Researchers have also linked abnormalities in circadian rhythms with development of mood disorders such as bipolar disorder, major depression, and seasonal affective disorder (143, 144). Individuals with major depression exhibit blunted or abnormal circadian rhythms in body temperature, plasma cortisol, norepinephrine, thyroid stimulating hormone, blood pressure, pulse, and melatonin (143). Studies of depressed pregnant women found significantly lower levels and phased-advanced melatonin secretion in pregnant women with personal and family histories of depression relative to women without history of depression (110). Further, in healthy women, plasma melatonin levels became increasingly elevated as pregnancy progressed but this increase did not occur in depressed women (110). Thus, it is interesting to speculate whether mothers with depression are at an increased risk for shorter breastfeeding duration and increased breastfeeding difficulties (145), in part, through physiological disruption of the circadian timing system, which in turn impacts her milk production (Figure 2).
Figure 2. Proposed relationships among metabolic-hormonal-circadian clock changes needed to initiate lactogenesis II during the periparturient period, and how related risk factors interfere with initiation. Arrows indicate inductive relationship. “T” indicates an inhibitory relationship. Question marks indicate areas needing further research to support proposed relationship/mechanism.
The association of maternal obesity with DLII appears to have a physiological basis related to alterations in hormones and metabolic adaptations needed to initiate copious milk production (Figure 2). In rodent models of obesity, the normal hormonal response to the periparturient period is altered, with a lower rise in prolactin and insulin levels during the transition from pregnancy to lactation and significantly higher corticosterone levels (146–148). In obese humans, basal levels of cortisol are also higher with an attenuation of the circadian rhythm (68) and a lengthening of rhythm period (54). Circadian rhythms of plasma cortisol are believed to be a primary signal for synchronization of peripheral clocks (149). Glucocorticoids also regulate milk synthesis (150). However, antenatal treatment with glucocorticoids delays secretory activation in ewes (151), and treatment of animals with supra-physiological of glucocorticoids depresses milk production in an established lactation (150). Thus, the delay in onset of lactogenesis II experienced by obese women may be due to alterations in coordinated changes and interactions among circadian timing system, endocrine milieu, and metabolism needed to initiate copious milk secretion (Figure 2).
Conclusion and Potential Interventions
Although there is a paucity of information available to understand the role of the circadian timing system in mediating metabolic and hormonal adaptations to pregnancy and lactation, there is strong evidence that clocks play a role in regulating metabolic and hormonal homeostasis in animals. The circadian system functions to prepare physiological systems and behavioral activity for anticipated changes in the environment (e.g., day–night cycle). In addition, the circadian system also prepares for anticipated changes in physiological–reproductive state (e.g., seasonal fertility in some species). Chronic disruption of the circadian timing system has negative impacts on fertility and fecundity in females. Fertility and fecundity depend on precise hormonal timing and adequate metabolic adaptions to support the extra energy investment of reproduction (92, 152). Similarly, the initiation of lactogenesis II, requires timing coordinated changes in hormones and metabolism to initiate copious milk production in the early post-partum. Thus, we hypothesize that chronic disruption of the maternal circadian timing system during pregnancy and peripartum alters hormones and metabolic adaptations resulting in DLII (Figure 2).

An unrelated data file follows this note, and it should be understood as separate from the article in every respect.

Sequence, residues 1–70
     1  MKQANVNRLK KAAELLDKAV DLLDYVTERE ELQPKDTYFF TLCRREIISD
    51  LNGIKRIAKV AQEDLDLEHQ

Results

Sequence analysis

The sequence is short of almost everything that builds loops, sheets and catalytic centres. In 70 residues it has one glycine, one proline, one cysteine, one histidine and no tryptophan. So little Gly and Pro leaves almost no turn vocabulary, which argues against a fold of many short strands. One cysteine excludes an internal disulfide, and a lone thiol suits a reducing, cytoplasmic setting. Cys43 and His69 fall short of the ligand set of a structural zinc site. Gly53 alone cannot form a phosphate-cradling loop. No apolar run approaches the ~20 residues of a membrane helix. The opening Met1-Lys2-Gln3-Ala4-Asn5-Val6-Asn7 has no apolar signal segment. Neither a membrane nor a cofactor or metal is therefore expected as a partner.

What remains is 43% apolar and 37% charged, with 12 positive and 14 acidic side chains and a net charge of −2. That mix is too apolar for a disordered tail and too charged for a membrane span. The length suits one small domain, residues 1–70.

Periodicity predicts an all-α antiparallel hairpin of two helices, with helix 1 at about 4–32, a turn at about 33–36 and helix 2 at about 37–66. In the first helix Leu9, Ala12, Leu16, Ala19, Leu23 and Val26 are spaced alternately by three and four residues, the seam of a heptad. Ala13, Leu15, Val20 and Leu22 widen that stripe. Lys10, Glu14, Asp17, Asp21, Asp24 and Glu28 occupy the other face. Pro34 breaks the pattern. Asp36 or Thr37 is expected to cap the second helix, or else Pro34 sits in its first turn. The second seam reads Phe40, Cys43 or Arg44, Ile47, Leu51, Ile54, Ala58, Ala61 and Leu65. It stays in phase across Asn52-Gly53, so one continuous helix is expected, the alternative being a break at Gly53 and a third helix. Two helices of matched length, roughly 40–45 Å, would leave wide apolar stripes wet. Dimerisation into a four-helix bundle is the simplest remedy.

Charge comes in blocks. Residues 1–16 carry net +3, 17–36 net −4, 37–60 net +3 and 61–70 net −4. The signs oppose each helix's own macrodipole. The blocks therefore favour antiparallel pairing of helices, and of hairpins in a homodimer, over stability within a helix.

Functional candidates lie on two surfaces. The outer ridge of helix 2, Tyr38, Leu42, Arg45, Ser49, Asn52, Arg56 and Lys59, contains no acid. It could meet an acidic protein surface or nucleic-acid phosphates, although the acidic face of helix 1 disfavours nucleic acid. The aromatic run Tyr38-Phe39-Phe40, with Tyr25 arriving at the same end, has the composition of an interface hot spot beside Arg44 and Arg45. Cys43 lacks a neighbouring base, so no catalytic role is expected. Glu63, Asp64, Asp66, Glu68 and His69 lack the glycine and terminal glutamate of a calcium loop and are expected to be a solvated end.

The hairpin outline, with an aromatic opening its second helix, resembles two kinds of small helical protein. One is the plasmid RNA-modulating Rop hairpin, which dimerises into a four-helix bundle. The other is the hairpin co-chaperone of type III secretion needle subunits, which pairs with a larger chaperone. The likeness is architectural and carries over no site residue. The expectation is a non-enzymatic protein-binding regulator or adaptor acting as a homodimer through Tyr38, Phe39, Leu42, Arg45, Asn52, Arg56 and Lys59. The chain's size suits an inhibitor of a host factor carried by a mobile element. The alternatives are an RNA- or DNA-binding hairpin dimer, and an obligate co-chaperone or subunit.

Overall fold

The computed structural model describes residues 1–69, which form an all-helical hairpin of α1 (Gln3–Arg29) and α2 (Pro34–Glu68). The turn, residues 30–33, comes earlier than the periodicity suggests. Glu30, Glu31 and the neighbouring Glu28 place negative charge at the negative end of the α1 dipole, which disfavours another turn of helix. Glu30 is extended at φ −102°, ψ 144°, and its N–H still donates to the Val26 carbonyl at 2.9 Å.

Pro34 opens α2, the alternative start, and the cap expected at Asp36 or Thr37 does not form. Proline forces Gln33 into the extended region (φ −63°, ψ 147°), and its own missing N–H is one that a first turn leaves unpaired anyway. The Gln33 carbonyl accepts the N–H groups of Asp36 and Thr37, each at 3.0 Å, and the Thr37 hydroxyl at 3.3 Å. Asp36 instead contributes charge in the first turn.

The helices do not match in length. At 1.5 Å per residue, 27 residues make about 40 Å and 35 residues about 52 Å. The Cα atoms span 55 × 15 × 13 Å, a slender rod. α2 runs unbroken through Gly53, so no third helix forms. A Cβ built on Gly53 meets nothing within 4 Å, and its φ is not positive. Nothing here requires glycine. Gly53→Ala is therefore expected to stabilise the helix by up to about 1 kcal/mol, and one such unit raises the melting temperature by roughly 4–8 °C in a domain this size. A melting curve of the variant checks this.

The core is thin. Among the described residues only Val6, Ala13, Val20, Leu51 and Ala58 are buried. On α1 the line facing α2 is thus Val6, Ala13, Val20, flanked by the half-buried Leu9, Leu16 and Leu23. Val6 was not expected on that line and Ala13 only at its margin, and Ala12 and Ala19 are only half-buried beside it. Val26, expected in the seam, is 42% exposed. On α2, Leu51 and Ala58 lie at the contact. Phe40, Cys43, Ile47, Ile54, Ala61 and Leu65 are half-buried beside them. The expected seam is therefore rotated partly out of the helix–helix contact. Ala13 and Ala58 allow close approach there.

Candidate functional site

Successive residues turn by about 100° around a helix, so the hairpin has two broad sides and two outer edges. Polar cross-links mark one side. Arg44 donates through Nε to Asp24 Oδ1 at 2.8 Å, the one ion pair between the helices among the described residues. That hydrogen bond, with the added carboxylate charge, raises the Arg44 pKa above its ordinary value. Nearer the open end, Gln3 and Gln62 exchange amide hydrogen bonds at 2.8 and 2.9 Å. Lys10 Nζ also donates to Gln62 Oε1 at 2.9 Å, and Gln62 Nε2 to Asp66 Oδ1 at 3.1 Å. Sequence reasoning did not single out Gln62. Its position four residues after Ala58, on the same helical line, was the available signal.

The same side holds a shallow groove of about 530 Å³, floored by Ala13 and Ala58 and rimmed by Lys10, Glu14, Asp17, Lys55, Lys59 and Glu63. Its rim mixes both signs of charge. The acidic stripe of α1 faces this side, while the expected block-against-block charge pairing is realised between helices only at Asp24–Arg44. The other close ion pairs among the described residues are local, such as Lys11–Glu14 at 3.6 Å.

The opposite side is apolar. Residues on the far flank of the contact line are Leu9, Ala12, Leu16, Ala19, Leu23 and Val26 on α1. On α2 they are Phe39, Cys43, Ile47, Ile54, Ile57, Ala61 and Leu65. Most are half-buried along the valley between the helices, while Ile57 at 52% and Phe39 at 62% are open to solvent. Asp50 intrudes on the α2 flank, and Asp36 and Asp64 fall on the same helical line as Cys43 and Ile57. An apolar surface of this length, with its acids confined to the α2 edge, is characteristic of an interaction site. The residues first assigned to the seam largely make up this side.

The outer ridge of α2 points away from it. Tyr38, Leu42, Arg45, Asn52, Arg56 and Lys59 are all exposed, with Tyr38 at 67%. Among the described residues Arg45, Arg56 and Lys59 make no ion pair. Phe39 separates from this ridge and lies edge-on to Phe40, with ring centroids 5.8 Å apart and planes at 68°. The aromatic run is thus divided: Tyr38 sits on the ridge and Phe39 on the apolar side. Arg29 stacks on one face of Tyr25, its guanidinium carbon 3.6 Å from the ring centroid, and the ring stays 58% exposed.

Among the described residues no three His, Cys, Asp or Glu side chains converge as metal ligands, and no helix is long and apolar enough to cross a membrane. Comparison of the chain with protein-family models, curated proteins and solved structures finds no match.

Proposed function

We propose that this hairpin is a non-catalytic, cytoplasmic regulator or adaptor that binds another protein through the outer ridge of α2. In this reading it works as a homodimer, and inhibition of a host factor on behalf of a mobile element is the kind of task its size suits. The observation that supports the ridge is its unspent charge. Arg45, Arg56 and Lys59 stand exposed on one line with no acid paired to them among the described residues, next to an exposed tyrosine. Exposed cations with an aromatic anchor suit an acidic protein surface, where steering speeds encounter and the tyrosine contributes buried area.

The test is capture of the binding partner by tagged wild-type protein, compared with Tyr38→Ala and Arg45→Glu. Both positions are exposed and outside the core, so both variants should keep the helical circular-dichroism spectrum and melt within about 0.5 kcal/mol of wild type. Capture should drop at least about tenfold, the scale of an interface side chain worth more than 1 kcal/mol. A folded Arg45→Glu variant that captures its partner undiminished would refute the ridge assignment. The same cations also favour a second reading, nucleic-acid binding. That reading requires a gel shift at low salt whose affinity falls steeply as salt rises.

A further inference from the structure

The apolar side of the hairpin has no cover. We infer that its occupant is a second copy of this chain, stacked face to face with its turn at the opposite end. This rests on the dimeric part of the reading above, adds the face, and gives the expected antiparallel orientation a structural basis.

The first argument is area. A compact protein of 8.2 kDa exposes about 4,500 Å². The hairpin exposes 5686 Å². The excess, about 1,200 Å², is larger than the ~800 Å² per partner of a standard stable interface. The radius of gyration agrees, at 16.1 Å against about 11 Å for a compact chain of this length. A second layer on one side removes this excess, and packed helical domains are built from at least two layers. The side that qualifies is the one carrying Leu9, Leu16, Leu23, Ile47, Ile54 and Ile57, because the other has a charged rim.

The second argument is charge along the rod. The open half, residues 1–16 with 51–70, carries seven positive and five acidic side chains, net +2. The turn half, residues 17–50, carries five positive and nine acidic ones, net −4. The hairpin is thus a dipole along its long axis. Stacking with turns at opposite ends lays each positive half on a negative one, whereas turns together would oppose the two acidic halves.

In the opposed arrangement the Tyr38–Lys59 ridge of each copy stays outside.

Human lactation is a complex phenomenon and the initiation and duration of breastfeeding is influenced by many demographic, physical, social, and psychological variables. Interventions developed to increase the rates of successful breastfeeding target management strategies to ensure adequate milk supply (153–155). Although there is evidence to suggest that the circadian system plays a significant role in lactation and maternal behavior, current breastfeeding interventions do not encompass management strategies and education that take into account circadian disruptions. Depressive mood, light, activity, and eating at night (e.g., night-shift work and night-eating syndrome), excessive weight, and sleep disturbances are well characterized chronodisruptors. These chronodisruptors have also been associated with hormonal and metabolic alterations during pregnancy and inadequate breastfeeding outcomes.
Therefore, we propose the need to test interventions aimed at maintaining circadian alignment (e.g., limiting exposure to chronodisruption) during three stages that impact the ability of the mother to initiate and maintain lactogenesis: (1) during pregnancy; (2) in the hospital; and (3) after post-partum discharge from the hospital. Interventions during pregnancy may include, raising mothers’ awareness of their sleep, eating and exercise patterns through diaries and self-monitoring, as well and educating mothers about sleep hygiene and consequences of sleep deprivation and interrupted sleep cycle and exposure to light at night.